Daniel Sharadin, Commissioner
Collegiate Water Polo Association


if I was limited to one story  related to the Junior Olympics it would be this one…. even though it occurred the weekend before the 1990 JO’s.

As has been well documented, that group of boys from Annapolis was actually a Zone team before Zone teams were a thing. It was a cooperative effort between the top clubs & coaches in the Northeast. Dan Sharadin coached the group at the Junior Olympics, I had them the weekend before at the Villa Park tournament, then left to coach the Naval Academy team elsewhere. At Villa Park, most of  the top JO teams were also entered.

This was a very motivated group of athletes who had invested several years of extra training, competition, and their parents’ money to try and duplicate the type of competition schedule of the top California teams. We all had a chip on our shoulders and went out there to make a statement.

[On The Record with Mike Schofield, Legendary Navy Water Polo Coach Turned Referee]

Anyhow, we played really well at Villa Park and ended up in the championship game on Sunday afternoon against Newport Harbor, coached by the late, great Bill Barnett. At the time, I knew Bill a little bit, but not well. (He was also the U.S. Olympic Coach at the time and needed no introduction)


Mike Schofield at Navy. Photo Courtesy: Phil Hoffmann

After we won our semi-final game, Coach Barnett approached me and said “Coach Schofield, I have a conflict- we’re playing you guys this afternoon in the final, but I also have to be at Newport Harbor High School an hour later to coach the USA vs Russia game. Would you be willing to do us a favor and play at Newport Harbor? We’ll promote it as the preliminary game right before we play the Russians”. Needless to say, we jumped on that offer immediately. In his typical low key, humble way, Coach Barnett offered our team a once in a lifetime opportunity and made it sound like we’d be doing him a favor.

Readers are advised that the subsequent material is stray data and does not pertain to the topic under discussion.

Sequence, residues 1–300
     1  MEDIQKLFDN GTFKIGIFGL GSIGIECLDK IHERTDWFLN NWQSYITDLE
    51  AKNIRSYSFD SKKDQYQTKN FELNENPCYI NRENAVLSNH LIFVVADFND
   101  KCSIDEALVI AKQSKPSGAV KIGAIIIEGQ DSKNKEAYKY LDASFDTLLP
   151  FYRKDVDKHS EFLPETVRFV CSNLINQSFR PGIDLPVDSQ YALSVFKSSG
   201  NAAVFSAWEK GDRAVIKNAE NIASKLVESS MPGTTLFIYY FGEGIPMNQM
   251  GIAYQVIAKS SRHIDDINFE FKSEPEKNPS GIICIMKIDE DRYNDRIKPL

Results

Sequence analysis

[Passages: Bill Barnett, Former Olympic Men’s Water Polo Coach, Passes Away at 76]

The game with Newport and the subsequent USA – Russia event was an unforgettable experience for us, Coach Barnett became a lifelong friend and mentor, starred at our Navy camp for 20 years, and brought a USA vs. Italy game to the Naval Academy in 1991.

By the way, final score was Annapolis 8 Newport 5. and USA over Russia!

Mike Schofield, Collegiate Water Polo Association Referee
Former Head Coach, The Naval Academy; all-time winningest coach in Navy history


I would have to say my most memorable moment was in the summer of 2011 when our 18 U girls were playing Stanford and in the last few seconds of the first half of a game we were tied, they used most of the clock wisely, took a shot, Ashleigh Johnson made a great save, her sister Chelsea was up on a counterattack and drew the attention of the opposing goalie.

Ashleigh moved out to about 3 meters out of her goal, pumped fake a pass to her sister and shot a bar down full court goal to go into half time up by one. We were able to hold that lead and advance.